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TV allows professors to reach millions with little-known history

by Janene Zaccone, communications and marketing last modified May 16, 2012 01:56 PM

It isn’t often that university professors get to teach millions of people at once, but that’s what happened last semester for two University of Louisville professors.

TV allows professors to reach millions with little-known history

Daniel Krebs

Carol Mattingly, professor of English, and Daniel Krebs, assistant professor of history, were featured experts on separate episodes of the NBC TV series “Who Do You Think You Are?” The show traces the family histories of celebrities, and its researchers and producers sought them for their expertise in little-known aspects of U.S. history.

Mattingly has researched extensively the writings of 19th century women and women’s groups. She helped actress Helen Hunt understand the importance of the Woman’s Christian Temperance Union in attaining the vote for women and in trying to improve the lives of 19th century women. According to the website “TV By the Numbers,” some 5.79 million people tuned in to watch the March 23 episode where Hunt learned that her great-grandmother, a WCTU leader in Maine, worked for women’s suffrage and for legislation to prohibit the sale of alcohol in the hope of improving the lives of women trapped in abusive marriages.

“I always feel that academics talk just to each other. We don’t talk to other people,” Mattingly said, noting that the opportunity to tell a large number of people about the WCTU is why she agreed to take several days out of a busy schedule to film her segment of the show in Portland, Maine.

People ought to know about this aspect of American history, she explained. “As a researcher, I said ‘yes’.”

Krebs, a military historian who specializes in U.S. Revolutionary War prisoners of war, provided information about a Hessian regiment to actor Rob Lowe, who had just discovered that his five-time great-grandfather had fought in that unit and faced George Washington’s troops at the pivotal Battle of Trenton.

He also explained to Lowe—and the 5.2 million people who watched the April 27 episode—how some of the Hessian soldiers who were taken prisoners of war, such Lowe’s ancestor, came to stay in America either by taking up the new U.S. government on its offer of land in exchange for leaving the army, or by deserting for other reasons.

Krebs wrote his dissertation on POWs in the American Revolutionary War and was finishing a book on the subject when the episode’s researcher contacted him for help. She told him, he said, that she had hit a dead end early in her research. If she couldn’t find a way around it, there would be no episode with Lowe.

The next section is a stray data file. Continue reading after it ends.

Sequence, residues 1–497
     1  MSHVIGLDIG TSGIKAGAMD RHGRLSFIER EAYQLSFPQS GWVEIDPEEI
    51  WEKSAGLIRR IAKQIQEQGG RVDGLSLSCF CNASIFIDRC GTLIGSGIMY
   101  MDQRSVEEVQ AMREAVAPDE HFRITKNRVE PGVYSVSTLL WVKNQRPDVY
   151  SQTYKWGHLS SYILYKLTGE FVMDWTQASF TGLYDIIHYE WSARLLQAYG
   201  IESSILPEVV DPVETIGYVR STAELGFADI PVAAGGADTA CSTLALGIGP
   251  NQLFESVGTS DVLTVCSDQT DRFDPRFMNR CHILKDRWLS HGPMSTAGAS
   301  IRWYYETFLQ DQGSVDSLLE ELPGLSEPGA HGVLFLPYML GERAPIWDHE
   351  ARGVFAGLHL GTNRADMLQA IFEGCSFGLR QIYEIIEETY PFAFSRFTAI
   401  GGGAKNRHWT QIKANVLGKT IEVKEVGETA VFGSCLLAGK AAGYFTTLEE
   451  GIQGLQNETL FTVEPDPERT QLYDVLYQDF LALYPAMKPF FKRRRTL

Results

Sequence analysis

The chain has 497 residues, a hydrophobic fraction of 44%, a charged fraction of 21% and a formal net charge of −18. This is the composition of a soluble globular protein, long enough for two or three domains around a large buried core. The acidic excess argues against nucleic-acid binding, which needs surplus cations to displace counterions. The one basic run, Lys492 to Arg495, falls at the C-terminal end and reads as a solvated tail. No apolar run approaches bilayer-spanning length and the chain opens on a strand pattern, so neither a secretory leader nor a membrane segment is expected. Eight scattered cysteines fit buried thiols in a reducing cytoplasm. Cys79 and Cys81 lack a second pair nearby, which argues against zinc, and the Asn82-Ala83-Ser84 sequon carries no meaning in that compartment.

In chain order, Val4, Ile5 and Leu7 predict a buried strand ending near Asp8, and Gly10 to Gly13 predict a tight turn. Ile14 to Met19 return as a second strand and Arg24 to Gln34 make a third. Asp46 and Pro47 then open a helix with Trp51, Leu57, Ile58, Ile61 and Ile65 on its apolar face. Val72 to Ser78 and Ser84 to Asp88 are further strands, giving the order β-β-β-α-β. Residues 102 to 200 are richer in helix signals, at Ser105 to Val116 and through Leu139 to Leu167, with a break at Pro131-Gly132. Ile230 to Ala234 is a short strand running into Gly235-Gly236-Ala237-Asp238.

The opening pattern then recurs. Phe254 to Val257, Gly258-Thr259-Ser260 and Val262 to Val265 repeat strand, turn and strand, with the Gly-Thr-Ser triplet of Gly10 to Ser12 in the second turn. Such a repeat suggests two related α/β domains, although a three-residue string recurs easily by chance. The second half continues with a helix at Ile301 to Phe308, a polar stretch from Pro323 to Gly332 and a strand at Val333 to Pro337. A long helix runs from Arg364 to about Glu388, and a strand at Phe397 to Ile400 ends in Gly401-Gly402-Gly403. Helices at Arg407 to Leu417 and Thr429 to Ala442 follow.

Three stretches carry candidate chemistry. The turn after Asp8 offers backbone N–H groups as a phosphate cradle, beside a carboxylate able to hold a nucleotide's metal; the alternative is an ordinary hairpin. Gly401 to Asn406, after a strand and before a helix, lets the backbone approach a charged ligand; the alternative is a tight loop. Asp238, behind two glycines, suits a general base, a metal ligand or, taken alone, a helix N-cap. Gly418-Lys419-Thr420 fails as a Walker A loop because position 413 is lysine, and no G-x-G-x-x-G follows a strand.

Krebs helped her around the information obstacle, pointed her to other information resources in the United States and Germany and consulted on the script as the show kept checking with him to ensure that it represented the history accurately.

“I’m not a big fan of (genealogy) if they don’t put context in,” Krebs said. But the show’s researcher and producer “wanted to have more context, and I liked that.”

While Krebs helped the show, working with the show also spurred him to wrap up his book project. After having spent nearly a decade researching and writing about the POW experiences of people like Lowe’s ancestor, Krebs said he had hit his own “brick wall.”

“I was finishing up my book, and quite honestly was sick of my book. Every historian will tell you that at some point you get sick of your own research,” he said, noting that he got excited about the topic again when he had to think about how to explain it in about 45 minutes of TV time, as compared with hundreds of pages of print.

The book, which is about the life and treatment of German POWs in America between 1775 and 1783, is being published next year by Oklahoma University Press.

“They’ll maybe print 300, 400, 500 copies, and who knows who’s actually going to read it. It’s very specialized. I’m not writing the actual history of the American Revolution,” Krebs said. “That was kind of the draw for me—to get my name out. … To actually speak to such a large audience, is something for me, something that’s quite cool.

“Usually we don’t get that kind of audience.”

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